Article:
Some Places Revisit Immigration Laws

Some places revisit immigration laws

By Emily Bazar
USA Today, February 11, 2009

Some states, cities and counties that plunged into the immigration debate are having second thoughts.

In Texas, Alabama and elsewhere, lawmakers have repealed or modified measures that cracked down on illegal immigrants or made English the official language. In Iowa and Utah, legislators are proposing similar reversals.

They cite various reasons, including the time and expense of fighting legal challenges, the cost of implementing the measures while tightening their budgets and the barrage of publicity and accusations of racism that come with such laws.

'For us to spend our time pitting neighbor against neighbor was a sacrilege,' says Judith Camp, a city councilwoman in Oak Point, Texas, about 35 miles north of Dallas, who voted to kill the city's English-only resolution in December. The measure, adopted in 2007 on a 3-2 vote, was rescinded on a 3-2 vote. 'We're just a tiny little city and we were getting a lot of negative publicity.'

Muzaffar Chishti of the Migration Policy Institute, which analyzes immigration trends and policies, says some states and communities are 'taking a more skeptical view' of immigration laws because of the legal costs and attention.

Most state and local laws that passed as federal reform failed remain in place, and some communities have mounted expensive campaigns to keep them. Farmers Branch, Texas, has steadfastly defended its ordinances despite legal challenges and public protests.

Chishti nonetheless expects more lawmakers to reconsider. The cost of enforcing and defending these ordinances is enormous,' he says. 'The appetite for these things is going down.'

Rob Toonkel, spokesman for U.S. English, a group that wants to make English the official language of the USA, counters that English-only proposals remain popular. Thirty states have such laws, he says, and there are far more states and communities proposing new laws than attempting to repeal them.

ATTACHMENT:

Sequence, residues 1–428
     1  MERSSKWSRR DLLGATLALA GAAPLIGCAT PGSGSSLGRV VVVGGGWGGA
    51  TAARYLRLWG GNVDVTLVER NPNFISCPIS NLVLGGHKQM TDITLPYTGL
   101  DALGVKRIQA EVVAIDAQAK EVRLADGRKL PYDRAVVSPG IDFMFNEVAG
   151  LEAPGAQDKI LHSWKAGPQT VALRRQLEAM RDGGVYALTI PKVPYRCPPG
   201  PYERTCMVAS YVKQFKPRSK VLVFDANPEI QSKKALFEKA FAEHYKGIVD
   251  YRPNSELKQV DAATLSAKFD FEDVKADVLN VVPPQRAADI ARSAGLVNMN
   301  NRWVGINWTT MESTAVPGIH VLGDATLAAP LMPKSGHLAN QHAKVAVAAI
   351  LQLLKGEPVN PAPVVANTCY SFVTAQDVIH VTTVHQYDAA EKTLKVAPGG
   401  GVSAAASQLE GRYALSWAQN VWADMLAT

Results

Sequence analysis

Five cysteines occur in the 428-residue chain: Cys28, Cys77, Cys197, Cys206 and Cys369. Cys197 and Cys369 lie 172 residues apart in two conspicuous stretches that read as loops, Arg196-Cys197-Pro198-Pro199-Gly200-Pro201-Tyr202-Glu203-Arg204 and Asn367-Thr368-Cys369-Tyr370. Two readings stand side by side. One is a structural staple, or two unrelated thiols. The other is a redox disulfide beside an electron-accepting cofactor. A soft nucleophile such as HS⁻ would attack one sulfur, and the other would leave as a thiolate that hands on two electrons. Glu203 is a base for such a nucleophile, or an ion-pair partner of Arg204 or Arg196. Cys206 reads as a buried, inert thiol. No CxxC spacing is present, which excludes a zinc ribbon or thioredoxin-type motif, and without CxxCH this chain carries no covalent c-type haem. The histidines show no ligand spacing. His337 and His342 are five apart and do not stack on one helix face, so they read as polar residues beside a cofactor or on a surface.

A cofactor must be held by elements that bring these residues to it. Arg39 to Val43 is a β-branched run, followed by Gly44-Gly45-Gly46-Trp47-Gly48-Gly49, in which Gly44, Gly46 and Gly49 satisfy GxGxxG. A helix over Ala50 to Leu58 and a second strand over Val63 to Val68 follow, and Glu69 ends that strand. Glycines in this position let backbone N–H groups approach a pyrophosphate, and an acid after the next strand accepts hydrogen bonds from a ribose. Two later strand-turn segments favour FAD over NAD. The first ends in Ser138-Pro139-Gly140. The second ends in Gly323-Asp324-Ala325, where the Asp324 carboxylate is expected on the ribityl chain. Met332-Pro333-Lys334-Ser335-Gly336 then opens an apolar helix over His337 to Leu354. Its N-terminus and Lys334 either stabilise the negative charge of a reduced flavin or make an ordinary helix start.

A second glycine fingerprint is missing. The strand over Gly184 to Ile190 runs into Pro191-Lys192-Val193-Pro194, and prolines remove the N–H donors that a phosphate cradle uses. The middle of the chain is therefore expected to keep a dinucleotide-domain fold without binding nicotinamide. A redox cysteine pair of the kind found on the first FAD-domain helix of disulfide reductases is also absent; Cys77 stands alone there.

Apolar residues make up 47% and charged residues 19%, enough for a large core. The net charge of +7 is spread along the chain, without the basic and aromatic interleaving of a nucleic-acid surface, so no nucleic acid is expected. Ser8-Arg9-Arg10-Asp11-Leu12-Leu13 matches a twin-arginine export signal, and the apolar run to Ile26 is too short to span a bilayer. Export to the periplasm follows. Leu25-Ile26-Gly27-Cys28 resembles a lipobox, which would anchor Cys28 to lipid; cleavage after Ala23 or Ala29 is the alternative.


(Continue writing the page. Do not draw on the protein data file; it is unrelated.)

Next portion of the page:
'The momentum is still on the side of assimilation,' he says.

In Iowa, Democratic state Rep. Bruce Hunter wants to repeal a law that makes English the state's official language and requires most government documents to be in English. 'It's really sent out the wrong message about the state of Iowa,' he says.

The Madison County (Ala.) Commission last August toned down a policy that requires businesses bidding for contracts to sign a pledge saying they don't knowingly employ illegal immigrants. The change was part of a settlement with a company that was late in submitting the pledge and did not win the contract.

The new pledge no longer says county officials can inspect contractors' personnel records.

'I would prefer it to be much stronger,' says Commissioner Mo Brooks, author of the original policy. After studying legal opinions and federal law, though, the commission had no other choice, he says.

In Utah, two legislators, one from each party, have proposed delaying implementation of a law set to take effect in July. The bill's provisions include a requirement that government agencies check the legal status of new hires against a federal database.

Republican state Rep. Stephen Clark, author of one proposal, wants to delay the bill for a year to study the economic impact of illegal immigrants on the state.

Gov. Jon Huntsman Jr., a Republican, supports a delay, says spokeswoman Lisa Roskelley.

'We are in the process of making major cuts all across the board in government, including public education,' says Clark, who puts the cost of implementing the immigration law at $1.7 million. 'We believe now is not the time to invest that money into this issue, especially when we don't know whether illegal immigration is a financial plus or minus to the state.'

In Farmers Branch, legal bills haven't kept the city from sticking with its immigration law. Farmers Branch has spent $1.6 million so far to fight lawsuits challenging its effort to prevent illegal immigrants from renting apartments and houses, says finance director Charles Cox. In one case, it will have to pay up to $900,000 in plaintiffs' legal fees.

The $1.6 million represents 1.5% to 2% of the city's budget, but residents approved one of its ordinances with more than two-thirds of the vote and want lawmakers to fight, Cox says.

'We can certainly find other uses for the money,' he says. 'By the same token, the residents have made their voices heard that this is a priority.'